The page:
I’ve been cleaning my room lately. First I reorganized my bookshelves (and donated a bunch I didn’t want anymore), then I cleaned out my closet and dresser, and now I’m working on my desk.
I have always been a rather messy person.
Now, I’ve never been the kind of person who has, like, clothes strewn all over the floor and half-eaten sandwiches under my bed, but I’ve always had a tendency to… spread my stuff all over the place. And I can be kind of a pack rat.
So yeah, my room was desperately in need of tidying. And I will admit, I’m proud of how tidy certain parts of my room look right now. (Even though they probably won’t stay that way for very long.)
But that’s not the most satisfying part.
The most satisfying parts are the memories.
I sorted through a lot of my old stuff last weekend, and a different memory was attached to each and every object. To be honest, as a writer I was pretty amazed by the extent to which everything had its own story.
Stories I hadn’t thought of in years. I’d packed up a bunch of stuff in a huge box the last time I did a super-thorough room cleaning (age fourteen/four years ago, if you were wondering), shoved it into my closet, and then forgotten about it.
And then I opened it and remembered. While sorting through all the stuff, sometimes I thought about a particular memory for only a few seconds, but some objects made me stop and think, “Hey. That was a thing that happened in my life, and it was pretty cool. I should use it in a story.”
It’s not that those memories were boring. That’s not why I’d forgotten about them. Small occurrences just get lost in the bigger event of life, I guess. Those small memories (and the objects that go along with them) are the flotsam and jetsam of my life, and there’s just too many of them for me to remember for very long, so they drift away.
It’s hard to explain why I think this is cool. It just is. I suppose it’s because I love stories and, well, life is a story. And these little objects/memories are random tangents in that story. They’re the equivalent of single sentences in a huge book, really. They may not seem very important on their own, but en masse they’re absolutely necessary to the larger story because they make up the background detail. They’re as integral to a story as they are integral to me, even if I haven’t thought of them in years.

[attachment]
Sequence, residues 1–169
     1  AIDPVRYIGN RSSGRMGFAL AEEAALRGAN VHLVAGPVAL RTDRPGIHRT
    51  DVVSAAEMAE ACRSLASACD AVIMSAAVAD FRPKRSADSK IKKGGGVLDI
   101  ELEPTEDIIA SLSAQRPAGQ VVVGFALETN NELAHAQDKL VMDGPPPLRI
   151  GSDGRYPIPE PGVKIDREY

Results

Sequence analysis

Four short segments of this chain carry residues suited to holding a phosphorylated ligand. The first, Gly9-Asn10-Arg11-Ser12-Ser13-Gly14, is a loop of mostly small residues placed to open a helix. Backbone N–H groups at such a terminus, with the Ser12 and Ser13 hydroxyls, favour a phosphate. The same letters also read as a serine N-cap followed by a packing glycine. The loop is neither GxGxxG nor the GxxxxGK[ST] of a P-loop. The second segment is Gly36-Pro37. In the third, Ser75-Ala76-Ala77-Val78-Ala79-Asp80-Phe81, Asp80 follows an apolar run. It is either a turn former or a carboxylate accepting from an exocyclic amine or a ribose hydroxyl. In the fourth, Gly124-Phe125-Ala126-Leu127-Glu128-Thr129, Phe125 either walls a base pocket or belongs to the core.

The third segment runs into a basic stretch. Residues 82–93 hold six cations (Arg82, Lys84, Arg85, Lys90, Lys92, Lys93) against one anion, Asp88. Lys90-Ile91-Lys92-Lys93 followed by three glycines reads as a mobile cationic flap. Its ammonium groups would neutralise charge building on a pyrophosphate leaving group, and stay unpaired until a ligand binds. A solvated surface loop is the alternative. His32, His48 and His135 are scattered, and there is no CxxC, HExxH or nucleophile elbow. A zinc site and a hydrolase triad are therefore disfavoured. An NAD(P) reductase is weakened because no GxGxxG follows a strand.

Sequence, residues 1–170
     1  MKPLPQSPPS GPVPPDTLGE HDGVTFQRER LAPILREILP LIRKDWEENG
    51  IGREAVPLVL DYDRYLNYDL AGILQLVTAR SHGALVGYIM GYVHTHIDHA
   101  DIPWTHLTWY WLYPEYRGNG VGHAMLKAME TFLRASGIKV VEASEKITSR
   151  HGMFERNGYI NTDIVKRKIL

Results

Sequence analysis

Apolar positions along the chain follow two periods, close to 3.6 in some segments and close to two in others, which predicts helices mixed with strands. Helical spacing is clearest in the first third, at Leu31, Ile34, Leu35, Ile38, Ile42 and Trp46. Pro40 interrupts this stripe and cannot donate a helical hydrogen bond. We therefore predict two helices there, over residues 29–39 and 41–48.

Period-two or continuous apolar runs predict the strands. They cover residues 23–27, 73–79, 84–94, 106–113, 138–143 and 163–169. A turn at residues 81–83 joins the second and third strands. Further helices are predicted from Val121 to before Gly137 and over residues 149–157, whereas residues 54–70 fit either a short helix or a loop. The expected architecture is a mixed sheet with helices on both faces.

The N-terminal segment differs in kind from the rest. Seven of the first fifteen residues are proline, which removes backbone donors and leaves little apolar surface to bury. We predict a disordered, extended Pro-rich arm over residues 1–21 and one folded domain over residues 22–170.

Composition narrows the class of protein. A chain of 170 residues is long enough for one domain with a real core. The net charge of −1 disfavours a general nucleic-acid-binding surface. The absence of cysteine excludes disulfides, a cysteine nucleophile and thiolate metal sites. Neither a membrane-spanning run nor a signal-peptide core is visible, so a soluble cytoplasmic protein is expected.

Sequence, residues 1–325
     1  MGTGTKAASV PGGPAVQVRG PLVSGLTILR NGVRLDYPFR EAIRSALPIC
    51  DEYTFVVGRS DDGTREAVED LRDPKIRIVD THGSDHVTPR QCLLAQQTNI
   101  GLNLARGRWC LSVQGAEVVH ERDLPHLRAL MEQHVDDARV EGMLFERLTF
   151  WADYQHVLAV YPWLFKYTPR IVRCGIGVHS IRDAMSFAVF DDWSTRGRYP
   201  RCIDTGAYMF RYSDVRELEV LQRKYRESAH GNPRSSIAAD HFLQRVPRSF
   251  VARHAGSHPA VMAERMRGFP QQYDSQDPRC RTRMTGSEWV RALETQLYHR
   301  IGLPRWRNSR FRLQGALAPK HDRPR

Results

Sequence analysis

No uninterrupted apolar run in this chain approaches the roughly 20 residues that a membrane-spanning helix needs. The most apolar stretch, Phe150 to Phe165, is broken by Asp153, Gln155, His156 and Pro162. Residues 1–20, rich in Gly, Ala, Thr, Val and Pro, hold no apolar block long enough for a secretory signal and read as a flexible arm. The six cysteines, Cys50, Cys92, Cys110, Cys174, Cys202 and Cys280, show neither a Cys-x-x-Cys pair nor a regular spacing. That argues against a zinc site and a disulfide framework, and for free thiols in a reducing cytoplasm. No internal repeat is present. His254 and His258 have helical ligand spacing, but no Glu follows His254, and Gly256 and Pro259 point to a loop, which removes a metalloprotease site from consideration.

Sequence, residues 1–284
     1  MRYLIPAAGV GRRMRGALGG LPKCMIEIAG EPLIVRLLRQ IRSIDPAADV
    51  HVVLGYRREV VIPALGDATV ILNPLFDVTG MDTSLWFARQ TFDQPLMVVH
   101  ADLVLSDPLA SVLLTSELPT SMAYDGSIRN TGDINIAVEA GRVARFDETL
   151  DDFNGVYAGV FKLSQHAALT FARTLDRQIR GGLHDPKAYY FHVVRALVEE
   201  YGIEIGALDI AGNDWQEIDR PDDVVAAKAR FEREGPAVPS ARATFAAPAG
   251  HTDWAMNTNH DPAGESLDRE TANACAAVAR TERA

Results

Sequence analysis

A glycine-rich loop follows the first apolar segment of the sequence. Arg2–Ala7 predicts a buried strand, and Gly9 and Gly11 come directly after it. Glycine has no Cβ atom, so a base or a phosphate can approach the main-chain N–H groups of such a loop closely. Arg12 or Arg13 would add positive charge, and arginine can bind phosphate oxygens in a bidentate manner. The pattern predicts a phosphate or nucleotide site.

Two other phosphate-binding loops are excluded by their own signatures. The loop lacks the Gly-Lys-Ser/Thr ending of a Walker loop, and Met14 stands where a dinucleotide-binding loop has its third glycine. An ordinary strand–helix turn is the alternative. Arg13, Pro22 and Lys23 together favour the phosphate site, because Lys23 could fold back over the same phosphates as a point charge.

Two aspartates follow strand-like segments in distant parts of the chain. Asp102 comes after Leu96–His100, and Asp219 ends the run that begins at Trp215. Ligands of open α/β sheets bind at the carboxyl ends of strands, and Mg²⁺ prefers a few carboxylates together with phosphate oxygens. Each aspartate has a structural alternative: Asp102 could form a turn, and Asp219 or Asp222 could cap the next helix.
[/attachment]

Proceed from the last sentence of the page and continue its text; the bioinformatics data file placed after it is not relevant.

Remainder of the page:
(And I got rather philosophical just now, didn’t I? I’m sorry if that startled anyone. I’ll go back to my regular fangirlish nonsense after this post, I swear.)
All those exciting happenings, embarrassing memories, old friends, crushes, people I couldn’t stand… it’s kind of amazing how many stories-as-memories flooded into my mind as I found, say, a hat or a softball or a postcard in that box. MUNDANE stuff. But also stuff that can be used in future stories – the sort that I write down on paper. Or, well, on a computer. As the case may be.
And then I packed up most of this stuff in a different huge box and gave it away. Loads of old toys, books, clothes, et cetera. (There’s some kind of end-of-childhood metaphor to be found there, I’m sure. I gave so much away and stored most of the rest in the basement. I don’t need it anymore.) I have to say that giving away the toys and craft kits really made me think, because I was SO INTO that stuff when I was little. But I’m not now. I’ve grown up. I used to love make-your-own-jewelry kits and tiny animals molded out of plastic, but I don’t now. I found other interests.
And it’s weird, because I don’t remember when that happened. I can’t pinpoint exactly when I stopped being the sort of person who loved my little-kid things and thought about them all the time, and started being the sort of person who likes photography and journalism and Tolkien. My story’s really changed, hasn’t it? It’s taken a different course now.
IT’S A PLOT TWIST.